Dialog im Dunkeln, Vienna

In the continuing absence of properly functioning Internet (Jan has contacted the service provider… so now we wait), here is a post that doesn’t require me to upload any photos…

While checking the TripAdvisor app for things to do in Vienna, we came across something called Dialog im Dunkeln, which sounded really interesting. The various reviews warned us that we would need to sign up, so we headed over there to do so on Monday and were lucky enough to find that some people had cancelled for the following day so there was room for us.

The concept of Dialog im Dunkeln (Dialogue in the Dark) is pretty simple. An underground room (cellar) has been transformed into a landscape with various obstacles that one might find in the world outside… a bridge over a little stream, a narrow gorge, a shop with step leading down to it. The only catch is that the room is kept in complete darkness… and I really mean complete darkness (well, there was one point where you could see light coming through a door frame, but it didn’t help much). Before entering the room, you’re given a white stick (the type for blind people) and shown how to use it, then sent down a corridor with various twists in turns that gradually gets darker and darker. In the room, a guide is waiting for you… somebody who is a) blind and b) familiar with the landscape you’ve been introduced to you. The aim is to navigate the various obstacles in the room as a blind person would. The guide is there to tell you which way to go and, if necessary, physically lead you to the right path. At the end there is a bar, also kept in complete darkness, where you can buy drinks and ask the guide any question you like. And you really can ask anything… personal questions are allowed!

The experience of being in complete darkness is extremely disorienting! Suddenly having to rely on other senses is far from easy, but I actually managed to do surprisingly well in there! The place is set up very well, with an area that feels just like grass (I assume they don’t have real grass in there?), a rocky surface with water running down out for the gorge, a “road” (not a real one obviously, but there are sound effects and you’re supposed to wait for the signal to cross) and even a boat, which moves pretty realistically! This is a really interesting experience and I would highly recommend it if you ever find yourself in Vienna. Tours are available in German or English, so don’t let language put you off!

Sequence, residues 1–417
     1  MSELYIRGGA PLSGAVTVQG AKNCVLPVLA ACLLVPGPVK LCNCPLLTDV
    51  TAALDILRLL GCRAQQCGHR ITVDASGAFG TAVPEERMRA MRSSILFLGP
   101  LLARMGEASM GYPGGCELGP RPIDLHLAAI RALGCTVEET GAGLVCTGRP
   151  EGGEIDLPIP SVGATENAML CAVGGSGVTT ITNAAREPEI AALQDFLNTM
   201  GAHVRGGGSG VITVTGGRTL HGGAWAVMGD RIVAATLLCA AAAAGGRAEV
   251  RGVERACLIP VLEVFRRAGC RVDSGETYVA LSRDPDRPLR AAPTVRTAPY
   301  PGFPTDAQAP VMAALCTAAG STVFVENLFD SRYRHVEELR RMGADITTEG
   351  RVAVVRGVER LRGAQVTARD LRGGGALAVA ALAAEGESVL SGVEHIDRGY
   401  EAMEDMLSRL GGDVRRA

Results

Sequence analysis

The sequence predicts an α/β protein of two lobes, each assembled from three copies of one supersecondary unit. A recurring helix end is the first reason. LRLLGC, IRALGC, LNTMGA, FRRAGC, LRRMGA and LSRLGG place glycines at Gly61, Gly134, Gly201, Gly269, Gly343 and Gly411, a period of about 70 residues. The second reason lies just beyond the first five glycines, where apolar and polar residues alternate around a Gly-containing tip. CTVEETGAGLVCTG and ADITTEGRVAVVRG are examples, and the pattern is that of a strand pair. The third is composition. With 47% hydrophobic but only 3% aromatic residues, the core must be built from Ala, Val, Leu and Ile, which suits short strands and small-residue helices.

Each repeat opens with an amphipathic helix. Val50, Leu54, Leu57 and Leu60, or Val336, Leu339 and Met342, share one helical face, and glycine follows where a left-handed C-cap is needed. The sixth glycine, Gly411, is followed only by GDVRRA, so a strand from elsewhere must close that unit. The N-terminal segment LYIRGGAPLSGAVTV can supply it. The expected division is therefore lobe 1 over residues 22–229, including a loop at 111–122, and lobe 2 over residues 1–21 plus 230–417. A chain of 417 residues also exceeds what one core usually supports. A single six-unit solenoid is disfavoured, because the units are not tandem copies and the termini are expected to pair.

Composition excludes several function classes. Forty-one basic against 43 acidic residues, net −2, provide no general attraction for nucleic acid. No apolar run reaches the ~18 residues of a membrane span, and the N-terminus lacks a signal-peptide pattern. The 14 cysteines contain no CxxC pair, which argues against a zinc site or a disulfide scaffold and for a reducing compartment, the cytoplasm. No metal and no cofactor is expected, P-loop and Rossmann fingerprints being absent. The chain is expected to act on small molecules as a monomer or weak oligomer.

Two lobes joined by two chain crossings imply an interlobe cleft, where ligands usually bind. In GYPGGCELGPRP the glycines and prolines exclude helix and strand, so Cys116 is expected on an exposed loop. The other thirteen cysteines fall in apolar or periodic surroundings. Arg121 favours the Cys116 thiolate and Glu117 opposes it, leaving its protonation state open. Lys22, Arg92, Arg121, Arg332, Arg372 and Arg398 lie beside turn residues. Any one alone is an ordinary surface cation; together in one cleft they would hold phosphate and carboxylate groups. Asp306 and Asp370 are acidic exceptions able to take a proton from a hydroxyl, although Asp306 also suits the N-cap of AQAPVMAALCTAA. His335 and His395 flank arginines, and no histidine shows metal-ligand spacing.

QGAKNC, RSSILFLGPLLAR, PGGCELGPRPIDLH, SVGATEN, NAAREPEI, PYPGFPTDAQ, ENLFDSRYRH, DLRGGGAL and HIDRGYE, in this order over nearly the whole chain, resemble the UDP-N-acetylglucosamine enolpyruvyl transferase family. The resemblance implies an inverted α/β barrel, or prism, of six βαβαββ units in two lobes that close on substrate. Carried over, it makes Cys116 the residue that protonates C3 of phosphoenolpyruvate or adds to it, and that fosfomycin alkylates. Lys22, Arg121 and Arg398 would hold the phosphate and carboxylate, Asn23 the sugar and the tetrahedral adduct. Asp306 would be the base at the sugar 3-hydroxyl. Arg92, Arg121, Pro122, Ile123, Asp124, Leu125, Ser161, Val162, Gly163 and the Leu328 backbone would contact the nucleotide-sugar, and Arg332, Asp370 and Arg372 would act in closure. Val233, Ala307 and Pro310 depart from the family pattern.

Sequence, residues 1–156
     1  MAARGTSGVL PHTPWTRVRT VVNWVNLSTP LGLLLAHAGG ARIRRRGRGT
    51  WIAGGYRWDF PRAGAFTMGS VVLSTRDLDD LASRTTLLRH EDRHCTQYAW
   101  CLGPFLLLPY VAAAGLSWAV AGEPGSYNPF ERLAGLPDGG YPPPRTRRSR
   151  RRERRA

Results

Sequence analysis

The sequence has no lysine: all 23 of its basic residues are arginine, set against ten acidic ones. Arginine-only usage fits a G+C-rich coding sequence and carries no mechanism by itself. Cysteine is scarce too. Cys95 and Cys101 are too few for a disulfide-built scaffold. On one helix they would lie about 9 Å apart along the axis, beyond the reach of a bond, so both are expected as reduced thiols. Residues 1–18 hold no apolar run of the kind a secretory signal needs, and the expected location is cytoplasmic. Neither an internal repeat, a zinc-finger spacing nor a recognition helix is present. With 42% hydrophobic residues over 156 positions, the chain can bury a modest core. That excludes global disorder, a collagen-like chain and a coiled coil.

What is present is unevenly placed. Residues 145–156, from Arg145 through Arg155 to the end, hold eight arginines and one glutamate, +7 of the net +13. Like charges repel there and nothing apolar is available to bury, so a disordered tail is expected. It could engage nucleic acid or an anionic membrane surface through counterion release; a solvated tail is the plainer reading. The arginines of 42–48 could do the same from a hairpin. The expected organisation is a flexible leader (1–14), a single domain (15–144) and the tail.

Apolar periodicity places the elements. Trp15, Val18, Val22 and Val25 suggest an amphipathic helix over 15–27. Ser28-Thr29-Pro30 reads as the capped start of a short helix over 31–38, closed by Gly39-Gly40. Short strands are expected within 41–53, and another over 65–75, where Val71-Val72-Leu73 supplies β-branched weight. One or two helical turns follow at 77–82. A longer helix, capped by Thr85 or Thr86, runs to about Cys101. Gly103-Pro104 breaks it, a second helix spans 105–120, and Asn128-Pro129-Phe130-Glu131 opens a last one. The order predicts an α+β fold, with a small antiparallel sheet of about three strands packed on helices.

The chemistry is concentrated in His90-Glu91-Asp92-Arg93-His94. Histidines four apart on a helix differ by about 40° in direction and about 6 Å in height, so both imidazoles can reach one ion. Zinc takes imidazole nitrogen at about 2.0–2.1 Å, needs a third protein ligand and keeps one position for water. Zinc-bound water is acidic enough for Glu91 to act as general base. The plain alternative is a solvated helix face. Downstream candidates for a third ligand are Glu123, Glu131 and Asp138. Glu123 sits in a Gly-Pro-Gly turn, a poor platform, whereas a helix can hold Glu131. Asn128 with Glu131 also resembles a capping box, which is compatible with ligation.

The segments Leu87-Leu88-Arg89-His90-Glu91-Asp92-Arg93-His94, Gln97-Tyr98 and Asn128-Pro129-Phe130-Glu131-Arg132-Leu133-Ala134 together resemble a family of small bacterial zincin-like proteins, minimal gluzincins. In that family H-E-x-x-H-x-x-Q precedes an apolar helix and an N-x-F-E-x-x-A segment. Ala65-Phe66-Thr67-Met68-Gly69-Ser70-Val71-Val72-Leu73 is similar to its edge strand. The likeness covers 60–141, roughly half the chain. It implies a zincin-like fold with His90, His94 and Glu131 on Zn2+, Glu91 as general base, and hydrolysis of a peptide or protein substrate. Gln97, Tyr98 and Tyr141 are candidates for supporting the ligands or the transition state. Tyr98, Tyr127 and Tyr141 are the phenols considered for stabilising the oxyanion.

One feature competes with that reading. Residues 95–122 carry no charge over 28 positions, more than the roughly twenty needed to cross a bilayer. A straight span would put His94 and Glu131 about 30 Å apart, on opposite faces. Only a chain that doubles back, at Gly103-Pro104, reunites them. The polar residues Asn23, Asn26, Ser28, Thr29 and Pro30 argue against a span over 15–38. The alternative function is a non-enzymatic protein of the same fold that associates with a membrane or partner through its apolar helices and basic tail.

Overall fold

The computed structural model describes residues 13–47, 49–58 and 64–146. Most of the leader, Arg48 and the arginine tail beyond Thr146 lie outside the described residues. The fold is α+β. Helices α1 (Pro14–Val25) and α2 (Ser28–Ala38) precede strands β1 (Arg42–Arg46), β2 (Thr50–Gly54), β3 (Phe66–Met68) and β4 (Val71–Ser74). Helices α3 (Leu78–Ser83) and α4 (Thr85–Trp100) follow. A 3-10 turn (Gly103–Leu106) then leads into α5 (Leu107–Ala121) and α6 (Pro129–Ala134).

Alos, I’ve just read that the original Dialog im Dunkeln is in Hamburg, Germany. I’ve no idea whether that one’s any good, but if you’re in the area I’m sure it would be worth a try.


17 thoughts on “Dialog im Dunkeln, Vienna

    1. I was really nervous at the beginning but I just kept telling myself here was no way they would let anybody get lost. We were also told there was no risk of banging our heads on anything. Our guide was really reassuring and helpful.

    1. I was really nervous to start with, but knowing the guide knew what he was doing and wouldn’t let us get hurt helped. We were also told straight off that is anyone wanted to leave they just had to say so and the guide would take them out immediately.

  1. I read about this a while ago on Green Lizard’s blog – at least I think it was her blog! Really interesting concept – I’ll definitely give it a go if I’m in Hamburg!

  2. I think they also have one in Frankfurt. My husband went there while he was on a business trip.

    I’d be nervous, too. When I was 9 years old, I was crawling around on the floor with my eyes shut (playing a game my brother and I had invented) and I ran right into a kitchen chair with my face. Broke half my front tooth off. Ever since then, I’ve been scared walking in the pitch dark or blindfolded. Not sure I could handle Dialog im Dunkeln. But who knows…maybe that would be a good way to get over my fear!

    1. The first thing they tell you when you go in is that there’s nothing at head height so you can’t run into anything. Our guide was pretty tall and he said “I can walk upright so none of you will have any trouble”. Bashing my face was what I was most nervous about, so that was really good to hear.

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